Pandemic hits 'new and dangerous phase' as 150,000 cases recorded in one day

As governments around the world begin easing their lockdown measures, experts have warned of coronavirus cases ‘accelerating’.

The head of the World Health Organisation (WHO) said the ‘world is in a new and dangerous phase’ during a virtual briefing in Geneva yesterday. He added that Covid-19 is ‘still spreading fast, it is still deadly and most people are still susceptible’.

Tedros Adhanom made the warning after 150,000 new cases were recorded worldwide on Thursday, the highest single day rise since the outbreak began. Nearly half of those diagnoses were from the Americas, but many new cases are also coming from South Asia and the Middle East.

The WHO chief encouraged people to exercise ‘extreme vigilance’ and for countries to maintain social distancing rules. The UN health agency called track and trace technology as ‘an essential element’ in preventing the spread of the disease as countries try to adjust to a post Covid-19 world.

Coronavirus has infected more than 8.7 million people worldwide and killed more than 460,000, according to figures compiled by Johns Hopkins University. The actual number is thought to be much higher because many cases are asymptomatic or go untested.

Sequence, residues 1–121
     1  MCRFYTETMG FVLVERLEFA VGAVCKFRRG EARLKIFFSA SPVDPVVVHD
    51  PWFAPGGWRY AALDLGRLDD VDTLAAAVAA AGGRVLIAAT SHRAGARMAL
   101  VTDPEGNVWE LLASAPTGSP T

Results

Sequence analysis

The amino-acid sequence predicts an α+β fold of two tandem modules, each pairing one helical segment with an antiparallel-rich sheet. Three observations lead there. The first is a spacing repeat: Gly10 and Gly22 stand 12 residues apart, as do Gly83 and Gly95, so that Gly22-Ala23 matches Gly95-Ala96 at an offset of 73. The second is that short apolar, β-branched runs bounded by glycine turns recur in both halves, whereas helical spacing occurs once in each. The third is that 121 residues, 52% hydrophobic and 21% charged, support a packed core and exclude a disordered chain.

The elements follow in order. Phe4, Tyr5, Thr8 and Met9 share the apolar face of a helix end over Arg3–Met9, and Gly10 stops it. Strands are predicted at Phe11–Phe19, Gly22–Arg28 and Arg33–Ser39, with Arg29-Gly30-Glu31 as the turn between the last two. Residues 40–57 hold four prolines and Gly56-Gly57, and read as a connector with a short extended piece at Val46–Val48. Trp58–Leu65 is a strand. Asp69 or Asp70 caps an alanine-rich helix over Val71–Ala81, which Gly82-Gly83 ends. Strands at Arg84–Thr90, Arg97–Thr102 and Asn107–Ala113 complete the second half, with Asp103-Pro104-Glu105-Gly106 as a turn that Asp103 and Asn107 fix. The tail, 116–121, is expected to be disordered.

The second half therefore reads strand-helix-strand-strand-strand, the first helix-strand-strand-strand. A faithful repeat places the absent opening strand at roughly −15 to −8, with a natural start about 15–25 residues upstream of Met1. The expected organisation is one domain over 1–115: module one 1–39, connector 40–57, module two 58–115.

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The WHO’s regional director for Europe Dr Hans Kluge warned a second wave in the autumn was possible. At a briefing on Thursday, he said: ‘We have the seasonal influenza, there is the possibility of a seasonal effect on the virus – but we’re not sure yet – that then we will see a second wave.

‘So the lesson is that we have to implement what we know works – at the core of the strategy is to find as early as possible, isolate, test suspected people from Covid, and if needs be treat them without any stigma or discrimination.

‘At the same time (governments need) to track and quarantine contacts – contact tracing is an essential element of this strategy. But there is no single solution.’

Dr Kluge said members of the public sticking to lockdown rules was ‘crucial’ to help curb the spread of infections, particularly with the temptation to go out in groups during the summer. He added: ‘We are not out of the woods. Lockdowns and social distancing have gained us time.

‘Where we have opportunity we must grasp it to strengthen our preparedness and readiness – of our emergency services and our routine health system delivery.

‘That means hoping for the best but preparing for the worst: a likely resurgence of COVID-19, across countries, through regions, in towns and communities. As the popular saying goes, we count our chicks in the autumn, but this depends on how we act now.’

That same day the British Government made U-turn by ditching its NHS track and trace app despite working for nearly three months on it.

Instead they are opting for technology which Apple and Google were developing independently, insisting that they were ‘backing both horses’.

Health Secretary Matt Hancock initially said a working contact tracing app would be ready by mid-May, but he refused to give a release date when asked this week.

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